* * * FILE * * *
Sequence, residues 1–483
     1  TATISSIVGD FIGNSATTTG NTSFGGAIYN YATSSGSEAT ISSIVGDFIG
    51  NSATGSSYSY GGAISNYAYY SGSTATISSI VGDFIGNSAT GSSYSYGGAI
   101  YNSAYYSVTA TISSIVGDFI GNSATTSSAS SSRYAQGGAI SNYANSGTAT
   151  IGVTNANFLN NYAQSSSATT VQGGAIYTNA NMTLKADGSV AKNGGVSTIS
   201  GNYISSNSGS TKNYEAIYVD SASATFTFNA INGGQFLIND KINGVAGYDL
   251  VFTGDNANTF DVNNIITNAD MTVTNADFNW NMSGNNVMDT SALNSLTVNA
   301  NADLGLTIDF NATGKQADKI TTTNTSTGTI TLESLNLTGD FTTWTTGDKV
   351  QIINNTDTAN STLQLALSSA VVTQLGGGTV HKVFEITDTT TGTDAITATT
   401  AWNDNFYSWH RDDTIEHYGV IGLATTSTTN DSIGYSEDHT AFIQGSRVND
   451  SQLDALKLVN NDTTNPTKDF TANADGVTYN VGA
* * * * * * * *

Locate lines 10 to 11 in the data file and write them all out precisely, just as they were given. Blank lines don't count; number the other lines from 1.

   401  AWNDNFYSWH RDDTIEHYGV IGLATTSTTN DSIGYSEDHT AFIQGSRVND
   451  SQLDALKLVN NDTTNPTKDF TANADGVTYN VGA